when the user presses enter after entering text into a dialog box. The DNS event
is triggered
when a mIRC initiated DNS query either fails or succeeds. The START or LOAD event is
triggered the first time a script file is loaded by mIRC. This event is often used to perform
backdoor initialisation. The usage for these events would appear

as such.

on * : CONNECT : { commands }

on * : INPUT : { commands }

on * : DNS : { commands }

on * : LOAD : { commands }

To make use of mIRC’s raw sockets functionality, knowledge of only a few simple commands is
required. These commands are SOCKOPEN, SO
commands has an associated event that can be triggered. The name of the event is the same as
that of the command, except for SOCKUDP whose corresponding eve
nt is named UDPREAD.

The script syntax for opening a socket can be summarised as:

SOCKOPEN <name> <address> [port]



is the name of the socket given for identification purposes


is the hostname/IP address of the host to connect to


is the destination port

The script syntax for writing to a socket can be summarised as:

nt] <name> <%variable | data>



is the name of the socket given for identification purposes


is the name of a variable which holds

the data to send


is the plain text to send

For example an http download script may contain the following code.

SOCKOPEN httpsock www.aavar.org 80

on * : SOCKOPEN : httpsock : { SOCKWRITE
n $sockname GET / HTTP/1.0 }

The SOCKOPEN event is trigge
red when a successful connection to www.aavar.org is made.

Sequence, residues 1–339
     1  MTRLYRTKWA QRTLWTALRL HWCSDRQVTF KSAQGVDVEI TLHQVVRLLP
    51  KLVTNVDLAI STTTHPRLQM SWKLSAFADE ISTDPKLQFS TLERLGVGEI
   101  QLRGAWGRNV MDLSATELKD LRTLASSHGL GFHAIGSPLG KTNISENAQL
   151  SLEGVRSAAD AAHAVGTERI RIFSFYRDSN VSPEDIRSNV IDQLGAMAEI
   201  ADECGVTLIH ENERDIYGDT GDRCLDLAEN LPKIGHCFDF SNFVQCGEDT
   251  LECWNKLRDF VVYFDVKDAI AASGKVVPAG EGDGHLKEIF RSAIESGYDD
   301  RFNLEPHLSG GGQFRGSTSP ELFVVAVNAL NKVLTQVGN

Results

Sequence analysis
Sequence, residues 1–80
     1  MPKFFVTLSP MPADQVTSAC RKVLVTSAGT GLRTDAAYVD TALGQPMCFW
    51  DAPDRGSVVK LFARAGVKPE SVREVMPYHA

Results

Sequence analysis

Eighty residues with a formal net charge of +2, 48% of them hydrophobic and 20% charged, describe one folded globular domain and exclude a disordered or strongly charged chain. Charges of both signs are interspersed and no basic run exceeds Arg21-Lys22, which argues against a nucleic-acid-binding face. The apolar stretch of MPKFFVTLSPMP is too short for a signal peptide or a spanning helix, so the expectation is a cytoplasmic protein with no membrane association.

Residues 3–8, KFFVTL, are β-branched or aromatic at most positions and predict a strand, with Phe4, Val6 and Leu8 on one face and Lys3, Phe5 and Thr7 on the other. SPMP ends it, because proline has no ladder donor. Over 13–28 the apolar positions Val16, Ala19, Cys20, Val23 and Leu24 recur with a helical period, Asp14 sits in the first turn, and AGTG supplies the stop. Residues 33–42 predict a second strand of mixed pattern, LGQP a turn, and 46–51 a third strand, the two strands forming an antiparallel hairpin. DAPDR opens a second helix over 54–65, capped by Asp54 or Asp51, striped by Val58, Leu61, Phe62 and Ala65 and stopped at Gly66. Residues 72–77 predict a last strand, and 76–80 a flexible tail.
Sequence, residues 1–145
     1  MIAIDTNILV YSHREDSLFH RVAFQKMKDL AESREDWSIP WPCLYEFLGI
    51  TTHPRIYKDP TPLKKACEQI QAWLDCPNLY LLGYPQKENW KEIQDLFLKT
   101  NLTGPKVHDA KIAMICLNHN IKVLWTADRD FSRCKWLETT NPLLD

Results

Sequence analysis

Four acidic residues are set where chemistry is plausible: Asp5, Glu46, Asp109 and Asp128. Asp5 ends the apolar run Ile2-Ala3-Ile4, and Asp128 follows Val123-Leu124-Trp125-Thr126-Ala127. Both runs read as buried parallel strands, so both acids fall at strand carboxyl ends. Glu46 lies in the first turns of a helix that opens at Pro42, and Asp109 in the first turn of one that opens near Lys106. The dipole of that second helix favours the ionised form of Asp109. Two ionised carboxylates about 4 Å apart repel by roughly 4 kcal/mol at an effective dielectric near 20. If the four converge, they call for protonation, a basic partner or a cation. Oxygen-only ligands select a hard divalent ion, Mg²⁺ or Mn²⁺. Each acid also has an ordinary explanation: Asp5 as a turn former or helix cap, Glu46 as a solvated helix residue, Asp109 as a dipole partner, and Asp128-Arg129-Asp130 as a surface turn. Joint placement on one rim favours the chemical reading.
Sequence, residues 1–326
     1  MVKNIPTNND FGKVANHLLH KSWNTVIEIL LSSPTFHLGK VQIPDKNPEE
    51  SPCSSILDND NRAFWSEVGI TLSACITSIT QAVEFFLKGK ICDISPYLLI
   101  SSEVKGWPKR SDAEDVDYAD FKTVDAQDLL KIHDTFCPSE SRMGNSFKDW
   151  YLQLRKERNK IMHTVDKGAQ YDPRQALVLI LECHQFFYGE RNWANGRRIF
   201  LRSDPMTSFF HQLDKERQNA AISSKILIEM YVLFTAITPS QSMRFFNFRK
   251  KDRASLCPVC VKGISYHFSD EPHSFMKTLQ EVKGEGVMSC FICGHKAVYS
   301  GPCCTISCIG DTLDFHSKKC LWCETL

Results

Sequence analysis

n tells SOCKWRITE to append a carriage return/line feed to the end of the data sent.
$sockname is a mIRC identifier, in this case it is httpsock.

The SOCKCLOSE event is triggered when the rem
ote host closes the connection. The
SOCKLISTEN event is triggered when an inbound connection is made to a port.

The script syntax for closing a socket is:




is the name of the socket given for identification purposes

The scrip
t syntax for listening on socket can be summarised as:

SOCKLISTEN <name> [port]



is the name of the socket given for identification purposes


is the local port to accept connections to

It is worthwhile to note that the socket identifier
<name> can also be referred to by a pattern as
used for the TEXT event. If the following command were issued, it would close all sockets that
started with the name httpsock. SOCKCLOSE httpsock*

mIRC also allows other operating system interaction such as t
he ability to execute local files and
make both DLL and COM object calls. Though strangely enough, the usual suspects
Scripting.FileSystemObject, WScript.Shell never seem to be called upon. DLL calls on the other
hand tend to be used with freely available
mIRC plugins such as MOO, that provides basic
system information.


Most GT
styled bots provide differing functionality. Though they all share at least some of the
basic functionality of the original, with a few extras. The original had th
e ability to provide:

Bounce (BNC): A BNC is a method by which you use a machine other than your own as a
gateway to an IRC server. This is not necessarily a malicious activity in itself. Using a BNC
enables a user to protect themselves from Denial of Serv
ice attacks, as their client IP
address would be masked by that of the BNC provider.

Cloning: A clone is the term given to any connection from the same source over and above